|Future of the human workforce and how people can switch careers as their jobs are automated or changed|
|- a survey by Pew Research Internet from August found Americans are roughly twice as likely to express worry (72%) than enthusiasm (33%) about a future in which robots and computers are capable of doing many jobs that are currently done by humans.|
- Forbes article from a couple months ago noted a paper from MIT and Carnegie Mellon University researchers that predicted jobs very likely to be replaced by machine learning and AI:
Morticians, undertakers, and funeral directors
|do you need a new career?||https://willrobotstakemyjob.com/|
|Steve Writes: Hi Tom, Sarah, Roger, Nicole and Ashley,|
I have been working in Information Security and Datacenter Operations side of IT for about 20 years so security and privacy has always been important to me. Over the years we have seen breach after breach to the point where we barely discuss them anymore. We have seen regulations get passed by local, state, federal and international governments which have a direct impact on how we operate our organizations from an IT security and controls standpoint. ...
In the USA, I believe each of the 50 states now has its own Data Breach notification law on the books. Add in any breach notification requirements of Sarbanes Oxley (SOX), Gramm Leach Bliley Act (GLBA), Payment Card Industry (PCI), Health Insurance Portability and Accountability Act (HIPPA) and General Data Protection Regulation (GDPR) and the compliance landscape is becoming very crowed very quickly.
In my opinion, these regulations have had both a positive and negative effect on organizations and the technology we use. ... I am in favor of an increased focus on security and privacy, however for small businesses, I believe we are approaching a tipping point and it is becoming more and more difficult to keep track of and comply with all the different rules, regulations and laws. ...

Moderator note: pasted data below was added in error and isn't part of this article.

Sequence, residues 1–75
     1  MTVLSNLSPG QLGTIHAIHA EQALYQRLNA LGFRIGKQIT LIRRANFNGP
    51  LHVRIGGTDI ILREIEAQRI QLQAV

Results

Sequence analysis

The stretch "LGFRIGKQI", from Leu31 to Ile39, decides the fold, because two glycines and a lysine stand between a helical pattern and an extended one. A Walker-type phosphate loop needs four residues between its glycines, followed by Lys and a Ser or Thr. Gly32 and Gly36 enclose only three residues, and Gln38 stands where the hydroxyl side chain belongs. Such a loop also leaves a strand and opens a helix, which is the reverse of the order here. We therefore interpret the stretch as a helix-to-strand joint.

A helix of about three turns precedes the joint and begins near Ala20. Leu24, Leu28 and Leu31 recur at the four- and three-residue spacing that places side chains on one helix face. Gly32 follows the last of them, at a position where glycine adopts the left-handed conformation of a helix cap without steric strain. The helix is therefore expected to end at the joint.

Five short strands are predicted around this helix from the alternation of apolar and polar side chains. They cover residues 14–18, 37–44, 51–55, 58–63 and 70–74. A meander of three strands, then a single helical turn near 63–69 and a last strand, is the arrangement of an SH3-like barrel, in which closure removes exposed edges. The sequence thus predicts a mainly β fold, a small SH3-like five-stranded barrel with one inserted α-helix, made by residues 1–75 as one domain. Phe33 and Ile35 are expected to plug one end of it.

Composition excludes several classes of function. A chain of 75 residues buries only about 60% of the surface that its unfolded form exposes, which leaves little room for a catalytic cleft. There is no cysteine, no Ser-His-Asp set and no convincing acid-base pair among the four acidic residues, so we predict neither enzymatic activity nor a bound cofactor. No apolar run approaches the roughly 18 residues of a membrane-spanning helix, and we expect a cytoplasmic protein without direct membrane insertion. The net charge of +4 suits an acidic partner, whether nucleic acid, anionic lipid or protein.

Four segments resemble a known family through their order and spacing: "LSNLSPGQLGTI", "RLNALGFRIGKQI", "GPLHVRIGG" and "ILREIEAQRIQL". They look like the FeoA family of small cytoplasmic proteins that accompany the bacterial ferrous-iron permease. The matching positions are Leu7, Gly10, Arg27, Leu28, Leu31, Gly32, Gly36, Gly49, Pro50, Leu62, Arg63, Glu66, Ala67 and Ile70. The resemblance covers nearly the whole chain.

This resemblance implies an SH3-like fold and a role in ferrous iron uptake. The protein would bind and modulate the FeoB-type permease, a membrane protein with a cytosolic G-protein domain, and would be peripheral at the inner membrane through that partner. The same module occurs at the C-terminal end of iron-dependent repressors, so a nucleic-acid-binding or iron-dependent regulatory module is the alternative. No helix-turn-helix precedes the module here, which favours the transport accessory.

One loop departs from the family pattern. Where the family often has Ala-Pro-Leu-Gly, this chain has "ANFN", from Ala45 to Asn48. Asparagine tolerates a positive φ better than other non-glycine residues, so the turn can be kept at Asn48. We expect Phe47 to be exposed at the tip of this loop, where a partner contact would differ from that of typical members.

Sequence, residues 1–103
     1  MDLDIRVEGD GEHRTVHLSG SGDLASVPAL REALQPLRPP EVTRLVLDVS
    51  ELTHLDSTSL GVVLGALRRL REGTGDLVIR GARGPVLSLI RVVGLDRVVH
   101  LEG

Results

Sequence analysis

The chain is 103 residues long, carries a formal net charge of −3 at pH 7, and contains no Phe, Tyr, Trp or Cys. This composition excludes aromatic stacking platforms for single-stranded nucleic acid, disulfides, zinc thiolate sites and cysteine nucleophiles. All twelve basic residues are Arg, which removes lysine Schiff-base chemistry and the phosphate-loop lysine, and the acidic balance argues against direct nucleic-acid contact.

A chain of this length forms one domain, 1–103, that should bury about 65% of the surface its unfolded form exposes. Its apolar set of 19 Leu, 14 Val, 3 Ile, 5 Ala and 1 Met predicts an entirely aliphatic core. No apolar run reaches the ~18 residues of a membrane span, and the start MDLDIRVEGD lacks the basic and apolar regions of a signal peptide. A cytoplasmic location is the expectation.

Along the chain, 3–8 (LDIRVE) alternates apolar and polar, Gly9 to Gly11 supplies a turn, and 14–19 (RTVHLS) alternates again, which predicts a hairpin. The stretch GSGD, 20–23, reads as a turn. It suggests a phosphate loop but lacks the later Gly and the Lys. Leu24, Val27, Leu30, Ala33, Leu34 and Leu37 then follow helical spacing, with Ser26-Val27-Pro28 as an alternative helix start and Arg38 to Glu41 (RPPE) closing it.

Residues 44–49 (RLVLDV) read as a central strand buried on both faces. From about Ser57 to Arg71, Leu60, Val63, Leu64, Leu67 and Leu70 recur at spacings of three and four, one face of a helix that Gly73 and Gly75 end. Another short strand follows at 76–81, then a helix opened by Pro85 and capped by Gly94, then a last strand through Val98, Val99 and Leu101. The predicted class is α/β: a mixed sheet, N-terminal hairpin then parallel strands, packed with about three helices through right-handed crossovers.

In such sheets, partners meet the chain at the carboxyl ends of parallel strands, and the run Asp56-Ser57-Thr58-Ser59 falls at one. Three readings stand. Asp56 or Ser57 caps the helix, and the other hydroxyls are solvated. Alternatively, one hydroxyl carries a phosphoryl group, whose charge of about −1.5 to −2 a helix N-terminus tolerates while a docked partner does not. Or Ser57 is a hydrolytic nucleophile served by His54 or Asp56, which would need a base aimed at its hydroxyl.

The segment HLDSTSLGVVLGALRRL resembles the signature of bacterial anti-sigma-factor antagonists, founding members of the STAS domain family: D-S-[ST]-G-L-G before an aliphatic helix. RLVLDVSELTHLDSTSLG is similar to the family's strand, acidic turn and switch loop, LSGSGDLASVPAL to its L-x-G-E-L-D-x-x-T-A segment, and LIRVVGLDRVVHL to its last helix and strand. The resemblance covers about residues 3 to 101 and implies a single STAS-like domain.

I would love to hear your thoughts on how the changing compliance landscape is effecting businesses, technologies and the way we are using tech.
P.S. Love the show and you're all doing a great job.
Your Boss and Advisor,
|Why Privacy Regulations Don’t Always Do What They’re Meant To||https://hbr.org/2018/10/why-privacy-regulations-dont-always-do-what-theyre-meant-to|
|5 biggest IT compliance headaches and how to address them||https://www.cio.com/article/2382445/compliance/compliance-7-biggest-it-compliance-headaches-and-how-cios-can-cure-them.html|
|Andrew Burt, Chief Privacy Officer and legal engineer at Immuta, writing a column for Harvard Business Review this week called "Why Privacy Regulations Don’t Always Do What They’re Meant To"|
Europe's GDPR went into effect earlier this year
California passed major privacy legiuslation in June
The US federal government published official principles for a single national privacy standard in September
Examples of impact:
Brent Ozar's Microsoft SQL Server consulting company stopped selling stuff in Europe because he couldn't afford the costs of compliance and the risk of getting it wrong.
Regulations generally are proportionally more of a burden on small businesses. Broad rules that treat all companies the same encourage this.
California’s Consumer Privacy Act opts out specific business segments such as many smaller organizations.
Burt suggests regulations encourage small companies to pool data to compete with larger orgs.
Privacy enhancing technologies, or PETs, such as differential privacy, homomorphic encryption, federated learning, and modular data systems like Solid.
"we cannot assume that we are ever fully informed about the privacy we’re giving up at any single point in time. Consumers must be able to exercise rights over their data long after it’s been collected, and those rights should include restricting how it’s being used."
|Impacts outlined by Jennifer Lonoff Schiff on CIO.com|
- Need for stronger BYOD policies to secure employee devices.
- Patch Software
- Have to pay attention to your vendors too
- Watch out for IoT.
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|tm||This will be the last Round Table for a while. We're below the milestone that got us the round table, so we're adjusting some things. But we're also adding new things like the Editor's Desk audio column. I posted one today for patrons at the $5 level with more of my thoughts on the Kinsa thermeometer Clorox ads story and personal privacy in general. Get that and more at patreon.com/dtns||http://patreon.com/dtns|
|sl||Our email address is email@example.com! We're live M-F at 4:30 PM eastern/20:30 UTC find out more at dailytechnewsshow.com/live.||http://www.reddit.com/r/dailytechnewsshow/|
|tm||Plug Monday's guest: Lamarr Wilson|
|END OF SHOW|
|STOP DISCORD stream|